A method for democratization of online influence

Imagine a situation in which we’re assigned and identified with a particular number, which suggest how influential we are or are not. It would help decide whether one receives a job, a guest-room upgrade or some free samples at a high-profile supermarket. In case your influence score happens to be low, you wouldn’t get the promotion, the swanky suite of your choice or the complimentary offers. If you think this is science fiction, pause for a moment; it’s actually the case with millions of online social network users.

Those having  a LinkedIn, Facebook or Twitter  account, are already being tested and judged – or soon will be. Companies carrying names like Klout, Twitter Grader and PeerIndex are involved in the process of scoring countless users on their specific level of influence – or in the official lingo, rating ‘influencers’. These companies are not just looking at the total number of friends or followers you have amassed. Instead, they’re looking to measure or grade the influence in more subtle ways, and then posting their judgments – in the form of an online score.

Social score ‘influences’ your brand equity

Got Twitter and Facebook profile, then you have probably already been scored…It is an offbeat method, to some, encouraging the genuine democratization of online influence. You need not any longer be a celebrity, a media personality or a politician to be considered highly influential. To stubborn critics, this is a senseless new technosphere, wherein your vague rating could help decide how you’re treated by all those with whom you might interact – both online and offline – including by prospective employers, retailers, and even prospective dates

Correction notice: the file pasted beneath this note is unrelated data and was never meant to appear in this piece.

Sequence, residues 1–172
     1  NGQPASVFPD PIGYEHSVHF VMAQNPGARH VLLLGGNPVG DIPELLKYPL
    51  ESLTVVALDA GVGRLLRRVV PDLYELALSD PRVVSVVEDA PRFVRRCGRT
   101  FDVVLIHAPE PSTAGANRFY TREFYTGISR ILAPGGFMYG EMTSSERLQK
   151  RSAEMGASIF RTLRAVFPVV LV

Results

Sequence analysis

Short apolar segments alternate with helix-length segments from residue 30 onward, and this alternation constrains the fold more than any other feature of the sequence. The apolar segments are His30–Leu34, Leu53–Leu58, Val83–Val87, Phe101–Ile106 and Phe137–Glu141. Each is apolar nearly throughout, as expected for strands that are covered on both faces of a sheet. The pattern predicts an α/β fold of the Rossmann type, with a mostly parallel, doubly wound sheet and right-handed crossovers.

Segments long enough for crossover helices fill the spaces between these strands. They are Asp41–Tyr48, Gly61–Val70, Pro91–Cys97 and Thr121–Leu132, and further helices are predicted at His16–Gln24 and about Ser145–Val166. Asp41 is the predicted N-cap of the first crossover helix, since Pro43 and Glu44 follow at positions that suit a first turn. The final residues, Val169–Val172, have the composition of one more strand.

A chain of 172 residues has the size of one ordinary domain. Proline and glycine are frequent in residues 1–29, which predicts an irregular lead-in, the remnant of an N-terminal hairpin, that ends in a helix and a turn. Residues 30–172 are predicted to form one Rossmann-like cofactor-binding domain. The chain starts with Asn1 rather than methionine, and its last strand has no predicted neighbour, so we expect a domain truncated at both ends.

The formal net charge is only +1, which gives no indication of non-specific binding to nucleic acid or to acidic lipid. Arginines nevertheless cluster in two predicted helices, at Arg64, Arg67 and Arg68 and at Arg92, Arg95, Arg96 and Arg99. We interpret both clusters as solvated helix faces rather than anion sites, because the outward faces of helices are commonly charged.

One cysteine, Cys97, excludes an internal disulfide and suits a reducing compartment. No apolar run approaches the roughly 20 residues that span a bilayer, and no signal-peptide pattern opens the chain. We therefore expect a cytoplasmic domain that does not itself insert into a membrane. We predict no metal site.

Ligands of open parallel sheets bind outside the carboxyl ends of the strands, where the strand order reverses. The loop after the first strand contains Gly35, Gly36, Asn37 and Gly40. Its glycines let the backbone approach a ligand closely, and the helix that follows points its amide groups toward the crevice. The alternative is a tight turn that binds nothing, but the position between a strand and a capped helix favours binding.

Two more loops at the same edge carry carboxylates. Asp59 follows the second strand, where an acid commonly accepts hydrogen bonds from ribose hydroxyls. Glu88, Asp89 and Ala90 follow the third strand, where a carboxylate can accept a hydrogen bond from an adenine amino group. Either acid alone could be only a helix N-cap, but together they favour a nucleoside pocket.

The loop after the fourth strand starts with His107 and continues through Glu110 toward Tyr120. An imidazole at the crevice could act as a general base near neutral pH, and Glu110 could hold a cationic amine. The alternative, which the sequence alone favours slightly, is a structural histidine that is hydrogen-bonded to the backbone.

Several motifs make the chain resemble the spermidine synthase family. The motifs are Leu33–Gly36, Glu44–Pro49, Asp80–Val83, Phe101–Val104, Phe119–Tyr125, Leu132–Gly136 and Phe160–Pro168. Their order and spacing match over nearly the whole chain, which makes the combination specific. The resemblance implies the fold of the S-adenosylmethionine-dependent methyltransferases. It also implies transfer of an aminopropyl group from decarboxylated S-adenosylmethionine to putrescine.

This is why your social score greatly ‘influences’ your offline image. So how can one actually become an influencer? A thorough analysis of more than 22 million tweets, a team of researchers at Hewlett-Packard concluded that it was not enough to draw more Twitter followers; you must also be able to inspire them to initiate action, which well could mean persuading your followers to share an apple pie recipe or to donate to the Sierra Club. To put it in other words, the process of influencing is more about becoming proactive – prompting engagement and providing motivation, than just about building up long legions of followers.

Learn to optimize your digital presence

As industry professionals explain, it is important to fine-tune, focus and channelize your digital presence a couple of key areas of interest. It’s no point in becoming a generalist with no special skills or niche areas. Most importantly: convince users of your passion, knowledge and trustworthiness. As far as influence in the offline realm is concerned, it doesn’t count.

Companies like PeerIndex describe this as ‘the Clay Shirky problem’, denoting the writer-theorist who won’t utilize Twitter much. It is obvious that he or she is massively influential, and has a poor PeerIndex right now.